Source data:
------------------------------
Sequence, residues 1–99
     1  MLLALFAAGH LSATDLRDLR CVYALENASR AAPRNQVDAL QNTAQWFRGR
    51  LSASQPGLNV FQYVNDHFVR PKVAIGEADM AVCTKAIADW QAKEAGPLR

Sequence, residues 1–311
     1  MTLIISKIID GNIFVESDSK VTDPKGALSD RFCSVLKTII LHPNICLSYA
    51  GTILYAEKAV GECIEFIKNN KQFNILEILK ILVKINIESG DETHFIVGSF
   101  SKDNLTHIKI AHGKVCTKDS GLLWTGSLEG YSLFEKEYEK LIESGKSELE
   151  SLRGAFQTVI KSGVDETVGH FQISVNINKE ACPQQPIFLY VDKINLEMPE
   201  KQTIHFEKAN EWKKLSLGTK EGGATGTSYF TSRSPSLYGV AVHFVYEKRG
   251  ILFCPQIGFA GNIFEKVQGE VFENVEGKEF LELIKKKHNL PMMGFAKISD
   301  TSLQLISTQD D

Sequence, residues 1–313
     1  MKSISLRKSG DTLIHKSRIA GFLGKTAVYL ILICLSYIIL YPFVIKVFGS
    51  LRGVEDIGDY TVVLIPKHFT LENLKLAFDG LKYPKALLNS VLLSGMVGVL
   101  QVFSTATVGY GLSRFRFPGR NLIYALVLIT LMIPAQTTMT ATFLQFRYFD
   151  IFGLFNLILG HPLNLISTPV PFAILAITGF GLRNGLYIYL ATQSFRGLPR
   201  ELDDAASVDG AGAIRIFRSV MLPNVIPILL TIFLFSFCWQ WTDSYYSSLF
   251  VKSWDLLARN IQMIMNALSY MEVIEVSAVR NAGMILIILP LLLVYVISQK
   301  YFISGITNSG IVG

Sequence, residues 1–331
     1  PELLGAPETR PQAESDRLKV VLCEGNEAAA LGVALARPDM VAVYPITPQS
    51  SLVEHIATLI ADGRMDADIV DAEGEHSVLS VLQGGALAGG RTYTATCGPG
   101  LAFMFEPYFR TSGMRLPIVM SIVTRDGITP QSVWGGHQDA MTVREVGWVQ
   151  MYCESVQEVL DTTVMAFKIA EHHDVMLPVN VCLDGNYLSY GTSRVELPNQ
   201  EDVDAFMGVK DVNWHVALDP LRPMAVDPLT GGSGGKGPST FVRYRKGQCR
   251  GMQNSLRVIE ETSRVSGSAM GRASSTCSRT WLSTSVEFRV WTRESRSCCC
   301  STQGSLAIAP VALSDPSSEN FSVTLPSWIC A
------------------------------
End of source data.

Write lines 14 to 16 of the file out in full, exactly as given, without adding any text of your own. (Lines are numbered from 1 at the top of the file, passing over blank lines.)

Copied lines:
    51  LRGVEDIGDY TVVLIPKHFT LENLKLAFDG LKYPKALLNS VLLSGMVGVL
   101  QVFSTATVGY GLSRFRFPGR NLIYALVLIT LMIPAQTTMT ATFLQFRYFD
   151  IFGLFNLILG HPLNLISTPV PFAILAITGF GLRNGLYIYL ATQSFRGLPR